The security at Davos is heavier this year than it has been in the past. There are military checkpoints on the roads up to the remote village; snipers in white camouflage are nested on the snowy rooftops; and some 5,000 Swiss soldiers are patrolling in the town and on the surrounding peaks. Even within the secure Congress Centre, VIPs are trailed by Swiss protection officers making laudable, but mostly ineffective, efforts at discretion. As I write this, I can see one hiding behind a potted fern, speaking into his cuff.
Being an election year, it’s not surprising that one of the most common topics of conversation is American politics. Vice-president Joe Biden gave a keynote address yesterday that appeared to be almost universally well received. I attended an off-the-record event with Secretary of State John Kerry that left many members of the international audience calling him the best president the U.S. never had.
But the most conspicuous American politician at Davos is not here, Donald Trump. American delegates of all stripes, sitting on stages or standing in cocktail parties, are getting the same question: “Is this for real?” This is not asked in a tone of condescension or bemusement, but genuine concern. In one debate on the state of the international economy, there was a consensus that global market turmoil is partly due to investors beginning to take Trump seriously, and they are worried.
I had a startling conversation with a former member of the Obama White House who is now working on the Clinton campaign. He confirmed reports that the candidate’s volunteer and donor base is not nearly as energized as four years ago. Her team is no longer dismissing Trump as the preferred opponent, believing he is far better organized than previously thought. They also think his notorious anti-Islam statements were clever gambits “to buy futures in the fear market.” In other words, if the U.S. suffers a terrorist attack between now and the election, he will immediately collect 10 points in the polls.
There was a private lunch yesterday to discuss the commercial value of “big data.” An enthusiastic banker talked about the benefits of collecting and analyzing increasingly large amounts of their clients’ personal information. “We’ve learned that the best predictor of loan repayments is not a credit score, it’s the amount of time the borrower spends volunteering for non-profits.”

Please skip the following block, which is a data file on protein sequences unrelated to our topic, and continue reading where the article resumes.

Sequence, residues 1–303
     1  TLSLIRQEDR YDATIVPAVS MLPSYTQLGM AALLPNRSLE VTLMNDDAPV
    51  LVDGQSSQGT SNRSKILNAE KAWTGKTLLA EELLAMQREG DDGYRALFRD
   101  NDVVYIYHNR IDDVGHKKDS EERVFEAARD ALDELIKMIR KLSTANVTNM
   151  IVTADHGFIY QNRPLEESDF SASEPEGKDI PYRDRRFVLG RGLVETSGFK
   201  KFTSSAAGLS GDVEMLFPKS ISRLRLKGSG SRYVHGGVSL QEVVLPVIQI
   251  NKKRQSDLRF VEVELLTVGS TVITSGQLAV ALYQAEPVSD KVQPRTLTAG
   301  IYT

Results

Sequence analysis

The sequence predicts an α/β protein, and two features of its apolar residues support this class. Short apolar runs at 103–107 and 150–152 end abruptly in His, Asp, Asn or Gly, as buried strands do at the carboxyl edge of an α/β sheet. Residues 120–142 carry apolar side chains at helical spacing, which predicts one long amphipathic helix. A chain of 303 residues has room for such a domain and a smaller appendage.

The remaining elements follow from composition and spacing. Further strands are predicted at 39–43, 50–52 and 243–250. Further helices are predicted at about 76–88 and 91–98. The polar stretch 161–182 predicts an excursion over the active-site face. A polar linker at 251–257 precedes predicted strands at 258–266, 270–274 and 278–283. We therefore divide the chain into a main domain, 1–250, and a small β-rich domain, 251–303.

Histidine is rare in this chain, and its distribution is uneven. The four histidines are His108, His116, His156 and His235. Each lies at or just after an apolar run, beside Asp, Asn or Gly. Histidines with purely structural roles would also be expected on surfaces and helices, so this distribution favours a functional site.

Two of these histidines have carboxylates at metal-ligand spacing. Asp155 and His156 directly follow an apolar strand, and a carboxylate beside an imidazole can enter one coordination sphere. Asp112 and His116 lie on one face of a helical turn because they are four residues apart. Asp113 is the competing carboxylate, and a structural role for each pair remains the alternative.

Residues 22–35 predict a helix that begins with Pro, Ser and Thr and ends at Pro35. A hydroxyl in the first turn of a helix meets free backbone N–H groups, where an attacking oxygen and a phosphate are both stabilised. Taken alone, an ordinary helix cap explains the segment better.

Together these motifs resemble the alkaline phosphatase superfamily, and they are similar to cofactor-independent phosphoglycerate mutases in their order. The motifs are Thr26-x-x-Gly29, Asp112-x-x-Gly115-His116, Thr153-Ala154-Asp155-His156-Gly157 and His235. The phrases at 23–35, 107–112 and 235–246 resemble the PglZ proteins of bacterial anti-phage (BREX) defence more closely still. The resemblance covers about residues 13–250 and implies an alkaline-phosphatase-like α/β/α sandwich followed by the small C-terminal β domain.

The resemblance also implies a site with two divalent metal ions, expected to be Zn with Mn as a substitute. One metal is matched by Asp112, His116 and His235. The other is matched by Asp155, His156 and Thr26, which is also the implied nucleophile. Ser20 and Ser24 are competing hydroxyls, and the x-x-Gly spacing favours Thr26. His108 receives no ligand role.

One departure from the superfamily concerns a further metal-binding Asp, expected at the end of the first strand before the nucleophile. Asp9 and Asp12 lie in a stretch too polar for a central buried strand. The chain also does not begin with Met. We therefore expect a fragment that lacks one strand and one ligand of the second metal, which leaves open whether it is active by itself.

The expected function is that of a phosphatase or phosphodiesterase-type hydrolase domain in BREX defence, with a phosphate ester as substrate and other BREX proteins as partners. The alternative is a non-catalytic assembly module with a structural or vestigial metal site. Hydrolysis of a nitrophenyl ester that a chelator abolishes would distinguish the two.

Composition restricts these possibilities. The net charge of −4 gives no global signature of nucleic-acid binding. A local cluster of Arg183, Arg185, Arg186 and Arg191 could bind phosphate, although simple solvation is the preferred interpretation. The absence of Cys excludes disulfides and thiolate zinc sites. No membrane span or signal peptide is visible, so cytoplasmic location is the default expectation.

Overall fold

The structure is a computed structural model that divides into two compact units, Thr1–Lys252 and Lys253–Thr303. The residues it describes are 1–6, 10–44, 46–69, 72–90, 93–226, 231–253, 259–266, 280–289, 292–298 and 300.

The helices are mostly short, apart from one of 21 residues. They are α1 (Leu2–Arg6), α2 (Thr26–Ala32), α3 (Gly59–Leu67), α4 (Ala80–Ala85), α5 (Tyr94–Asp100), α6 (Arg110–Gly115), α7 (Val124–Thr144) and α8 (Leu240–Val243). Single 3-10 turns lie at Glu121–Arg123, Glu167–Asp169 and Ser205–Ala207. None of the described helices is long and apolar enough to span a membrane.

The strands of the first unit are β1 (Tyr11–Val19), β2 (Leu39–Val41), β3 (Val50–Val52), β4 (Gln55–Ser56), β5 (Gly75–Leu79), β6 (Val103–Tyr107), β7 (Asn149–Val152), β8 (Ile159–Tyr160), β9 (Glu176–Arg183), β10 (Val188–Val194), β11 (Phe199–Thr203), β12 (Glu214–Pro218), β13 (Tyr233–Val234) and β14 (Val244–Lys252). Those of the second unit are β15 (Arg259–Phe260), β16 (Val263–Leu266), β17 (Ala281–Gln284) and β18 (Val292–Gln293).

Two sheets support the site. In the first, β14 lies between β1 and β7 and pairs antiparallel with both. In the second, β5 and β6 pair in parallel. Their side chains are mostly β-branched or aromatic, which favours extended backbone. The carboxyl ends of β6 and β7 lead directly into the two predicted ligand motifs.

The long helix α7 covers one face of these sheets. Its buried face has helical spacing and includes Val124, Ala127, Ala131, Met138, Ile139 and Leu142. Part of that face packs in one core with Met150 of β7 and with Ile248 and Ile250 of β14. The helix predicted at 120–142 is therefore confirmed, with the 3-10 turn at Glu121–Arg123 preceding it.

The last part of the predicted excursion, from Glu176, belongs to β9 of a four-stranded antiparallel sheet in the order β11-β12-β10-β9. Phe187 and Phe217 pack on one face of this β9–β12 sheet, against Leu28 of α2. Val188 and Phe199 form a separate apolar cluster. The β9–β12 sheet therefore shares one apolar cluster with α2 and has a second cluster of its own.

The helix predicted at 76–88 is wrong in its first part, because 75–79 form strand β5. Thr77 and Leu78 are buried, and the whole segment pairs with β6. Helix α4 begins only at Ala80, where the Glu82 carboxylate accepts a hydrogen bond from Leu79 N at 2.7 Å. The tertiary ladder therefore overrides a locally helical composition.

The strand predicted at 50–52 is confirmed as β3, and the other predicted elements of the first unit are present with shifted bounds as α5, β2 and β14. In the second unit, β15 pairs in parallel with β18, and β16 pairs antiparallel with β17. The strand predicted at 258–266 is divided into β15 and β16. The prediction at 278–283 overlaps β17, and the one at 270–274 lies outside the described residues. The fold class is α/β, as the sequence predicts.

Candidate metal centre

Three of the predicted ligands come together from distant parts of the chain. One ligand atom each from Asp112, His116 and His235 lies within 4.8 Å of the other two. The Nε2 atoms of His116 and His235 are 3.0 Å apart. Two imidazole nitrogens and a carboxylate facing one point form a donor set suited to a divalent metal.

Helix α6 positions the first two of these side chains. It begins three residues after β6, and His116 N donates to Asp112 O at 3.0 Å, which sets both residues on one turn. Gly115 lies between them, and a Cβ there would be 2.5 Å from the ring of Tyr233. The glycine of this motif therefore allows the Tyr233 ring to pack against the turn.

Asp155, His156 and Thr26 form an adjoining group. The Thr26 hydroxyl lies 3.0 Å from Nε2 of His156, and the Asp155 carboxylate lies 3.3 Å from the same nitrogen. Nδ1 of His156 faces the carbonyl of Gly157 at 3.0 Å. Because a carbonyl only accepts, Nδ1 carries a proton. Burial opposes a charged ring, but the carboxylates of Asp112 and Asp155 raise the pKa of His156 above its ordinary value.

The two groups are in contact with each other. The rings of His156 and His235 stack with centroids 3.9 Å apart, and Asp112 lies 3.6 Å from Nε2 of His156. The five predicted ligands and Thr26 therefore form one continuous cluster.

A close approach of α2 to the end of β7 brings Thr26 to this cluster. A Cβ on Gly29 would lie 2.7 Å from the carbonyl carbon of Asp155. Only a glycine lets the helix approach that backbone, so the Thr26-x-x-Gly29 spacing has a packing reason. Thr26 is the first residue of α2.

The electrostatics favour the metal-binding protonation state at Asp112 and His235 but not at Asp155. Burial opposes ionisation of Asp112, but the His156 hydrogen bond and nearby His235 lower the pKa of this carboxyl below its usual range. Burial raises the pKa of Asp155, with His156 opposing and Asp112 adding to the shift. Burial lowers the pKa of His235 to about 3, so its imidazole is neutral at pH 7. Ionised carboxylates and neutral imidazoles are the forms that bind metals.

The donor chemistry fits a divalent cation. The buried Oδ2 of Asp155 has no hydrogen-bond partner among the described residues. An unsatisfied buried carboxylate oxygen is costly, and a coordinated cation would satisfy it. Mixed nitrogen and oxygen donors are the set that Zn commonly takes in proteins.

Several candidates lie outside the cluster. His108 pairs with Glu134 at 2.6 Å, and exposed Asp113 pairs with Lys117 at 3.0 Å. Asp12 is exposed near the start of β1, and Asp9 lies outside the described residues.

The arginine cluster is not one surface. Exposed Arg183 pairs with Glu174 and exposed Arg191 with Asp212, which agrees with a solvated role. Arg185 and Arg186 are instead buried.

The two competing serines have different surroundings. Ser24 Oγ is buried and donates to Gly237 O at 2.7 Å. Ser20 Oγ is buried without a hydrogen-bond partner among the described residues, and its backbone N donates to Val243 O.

The BBC’s senior Canadian, and recent Order of Canada appointee, Lyse Doucet did a masterful job moderating a lively debate on the refugee crisis. Watching the European politicians spar with each other and with the audience was like sitting in on someone else’s family fight.
The point that was broadly (but not universally) agreed upon is that this is an integration, not a migration, crisis. By contrast, opinions were surprisingly fractured on the stability and utility of the Schengen Agreement (the 30-year-old treaty allowing for free cross-border movement within the European Union). While some of the politicians pleaded that it would be a political and economic disaster to begin closing internal borders to stem migrant flows, others (notably Poland), merely shrugged and pointed out that the agreement already contains provisions to do just that.
The panelist who came off the best was Britain’s David Miliband. Technically he is no longer a politician, having resigned as a member of Parliament to take up the presidency of the International Rescue Committee. But one gets the impression this may be a temporary retirement. Miliband energetically dismissed concerns that the refugees are merely economic migrants, pointing out that 79 per cent are from two of the most war-torn countries in the world: Afghanistan and Syria. He also emphasized that even at the seemingly high levels of one million new arrivals a year, that is within the context of a European population of half a billion. All of this was very convincing, and reflected the general attitude among Davos attendees, but recent polls show that the majority of Europeans do not share these opinions, a point conceded ruefully by (most) everyone on stage.
Scott Gilmore has been a columnist at Maclean’s magazine since 2014 and writes on international affairs and public policy. He is married to Catherine McKenna, who was recently named minister of the environment. His full disclosure statement can be found here.